Yesterday, I spoke with Raul Castro to finalize Alan Gross’s release and the exchange of prisoners, and to describe how we will move forward.  I made clear my strong belief that Cuban society is constrained by restrictions on its citizens.  In addition to the return of Alan Gross and the release of our intelligence agent, we welcome Cuba’s decision to release a substantial number of prisoners whose cases were directly raised with the Cuban government by my team.  We welcome Cuba’s decision to provide more access to the Internet for its citizens, and to continue increasing engagement with international institutions like the United Nations and the International Committee of the Red Cross that promote universal values.


But I’m under no illusion about the continued barriers to freedom that remain for ordinary Cubans.  The United States believes that no Cubans should face harassment or arrest or beatings simply because they’re exercising a universal right to have their voices heard, and we will continue to support civil society there.  While Cuba has made reforms to gradually open up its economy, we continue to believe that Cuban workers should be free to form unions, just as their citizens should be free to participate in the political process.


Moreover, given Cuba’s history, I expect it will continue to pursue foreign policies that will at times be sharply at odds with American interests.  I do not expect the changes I am announcing today to bring about a transformation of Cuban society overnight.  But I am convinced that through a policy of engagement, we can more effectively stand up for our values and help the Cuban people help themselves as they move into the 21st century.


To those who oppose the steps I’m announcing today, let me say that I respect your passion and share your commitment to liberty and democracy.  The question is how we uphold that commitment.  I do not believe we can keep doing the same thing for over five decades and expect a different result.  Moreover, it does not serve America’s interests, or the Cuban people, to try to push Cuba toward collapse.  Even if that worked -– and it hasn’t for 50 years –- we know from hard-earned experience that countries are more likely to enjoy lasting transformation if their people are not subjected to chaos.  We are calling on Cuba to unleash the potential of 11 million Cubans by ending unnecessary restrictions on their political, social, and economic activities.  In that spirit, we should not allow U.S. sanctions to add to the burden of Cuban citizens that we seek to help.


To the Cuban people, America extends a hand of friendship.  Some of you have looked to us as a source of hope, and we will continue to shine a light of freedom.  Others have seen us as a former colonizer intent on controlling your future.  José Martí once said, “Liberty is the right of every man to be honest.”  Today, I am being honest with you.  We can never erase the history between us, but we believe that you should be empowered to live with dignity and self-determination.  Cubans have a saying about daily life:  “No es facil” –- it’s not easy.  Today, the United States wants to be a partner in making the lives of ordinary Cubans a little bit easier, more free, more prosperous.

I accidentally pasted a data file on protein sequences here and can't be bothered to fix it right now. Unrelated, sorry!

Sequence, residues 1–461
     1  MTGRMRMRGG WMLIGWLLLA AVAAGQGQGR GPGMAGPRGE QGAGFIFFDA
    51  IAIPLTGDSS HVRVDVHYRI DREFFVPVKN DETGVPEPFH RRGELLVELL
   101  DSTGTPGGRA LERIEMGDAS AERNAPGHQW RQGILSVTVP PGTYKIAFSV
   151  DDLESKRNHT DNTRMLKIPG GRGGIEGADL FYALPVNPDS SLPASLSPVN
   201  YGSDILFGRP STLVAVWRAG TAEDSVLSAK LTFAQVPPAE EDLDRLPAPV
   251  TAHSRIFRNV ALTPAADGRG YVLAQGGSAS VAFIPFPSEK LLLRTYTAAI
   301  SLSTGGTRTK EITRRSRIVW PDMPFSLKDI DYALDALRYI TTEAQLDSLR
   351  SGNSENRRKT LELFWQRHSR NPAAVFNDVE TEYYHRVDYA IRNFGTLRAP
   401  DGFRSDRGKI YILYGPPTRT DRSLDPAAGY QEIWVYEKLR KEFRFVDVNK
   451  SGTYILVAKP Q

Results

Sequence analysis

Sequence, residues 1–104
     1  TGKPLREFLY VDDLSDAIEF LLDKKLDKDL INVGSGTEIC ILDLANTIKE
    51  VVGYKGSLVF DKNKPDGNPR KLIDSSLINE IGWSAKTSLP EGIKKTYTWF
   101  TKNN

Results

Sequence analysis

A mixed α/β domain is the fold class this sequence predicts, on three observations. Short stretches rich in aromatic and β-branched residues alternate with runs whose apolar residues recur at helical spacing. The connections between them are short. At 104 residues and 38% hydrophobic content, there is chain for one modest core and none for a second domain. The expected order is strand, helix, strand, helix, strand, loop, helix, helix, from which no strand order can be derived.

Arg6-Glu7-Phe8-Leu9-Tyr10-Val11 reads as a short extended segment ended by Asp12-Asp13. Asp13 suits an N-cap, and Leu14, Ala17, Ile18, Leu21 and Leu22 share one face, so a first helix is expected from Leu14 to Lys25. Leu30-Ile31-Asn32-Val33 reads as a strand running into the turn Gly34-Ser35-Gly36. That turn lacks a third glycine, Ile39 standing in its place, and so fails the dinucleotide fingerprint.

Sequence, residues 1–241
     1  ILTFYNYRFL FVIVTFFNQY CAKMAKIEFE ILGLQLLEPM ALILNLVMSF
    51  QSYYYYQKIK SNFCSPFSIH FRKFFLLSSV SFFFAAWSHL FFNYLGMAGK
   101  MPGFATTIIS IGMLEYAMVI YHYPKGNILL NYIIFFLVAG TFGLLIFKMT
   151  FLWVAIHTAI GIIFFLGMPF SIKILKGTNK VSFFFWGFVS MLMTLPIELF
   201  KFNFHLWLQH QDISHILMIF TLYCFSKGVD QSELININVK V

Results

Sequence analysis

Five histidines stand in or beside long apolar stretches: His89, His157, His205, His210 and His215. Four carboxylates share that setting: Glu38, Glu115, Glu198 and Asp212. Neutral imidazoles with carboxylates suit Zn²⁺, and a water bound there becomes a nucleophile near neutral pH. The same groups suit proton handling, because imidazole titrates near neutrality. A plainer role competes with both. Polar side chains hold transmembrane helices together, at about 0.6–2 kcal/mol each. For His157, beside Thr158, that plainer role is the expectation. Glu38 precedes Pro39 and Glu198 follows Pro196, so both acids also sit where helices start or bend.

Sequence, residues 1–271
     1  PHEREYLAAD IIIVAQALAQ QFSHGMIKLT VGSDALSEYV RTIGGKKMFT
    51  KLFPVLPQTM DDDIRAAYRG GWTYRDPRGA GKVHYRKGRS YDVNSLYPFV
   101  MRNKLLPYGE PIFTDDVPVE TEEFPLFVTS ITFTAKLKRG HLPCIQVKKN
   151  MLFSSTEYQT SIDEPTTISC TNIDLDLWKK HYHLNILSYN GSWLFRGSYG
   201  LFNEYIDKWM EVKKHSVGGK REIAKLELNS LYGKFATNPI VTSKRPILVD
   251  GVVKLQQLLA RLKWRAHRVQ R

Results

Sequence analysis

(Tabacco: America made the lives of Cubans a lot harder, a lot less free, a lot less prosperous in the first place! Obama speaks with a ‘FORKED TONGUE’!)


To those who have supported these measures, I thank you for being partners in our efforts.  In particular, I want to thank His Holiness Pope Francis, whose moral example shows us the importance of pursuing the world as it should be, rather than simply settling for the world as it is; the government of Canada, which hosted our discussions with the Cuban government; and a bipartisan group of congressmen who have worked tirelessly for Alan Gross’s release, and for a new approach to advancing our interests and values in Cuba.


Finally, our shift in policy towards Cuba comes at a moment of renewed leadership in the Americas.  This April, we are prepared to have Cuba join the other nations of the hemisphere at the Summit of the Americas.  But we will insist that civil society join us so that citizens, not just leaders, are shaping our future.  And I call on all of my fellow leaders to give meaning to the commitment to democracy and human rights at the heart of the Inter-American Charter.  Let us leave behind the legacy of both colonization and communism, the tyranny of drug cartels, dictators and sham elections.  A future of greater peace, security and democratic development is possible if we work together — not to maintain power, not to secure vested interest, but instead to advance the dreams of our citizens.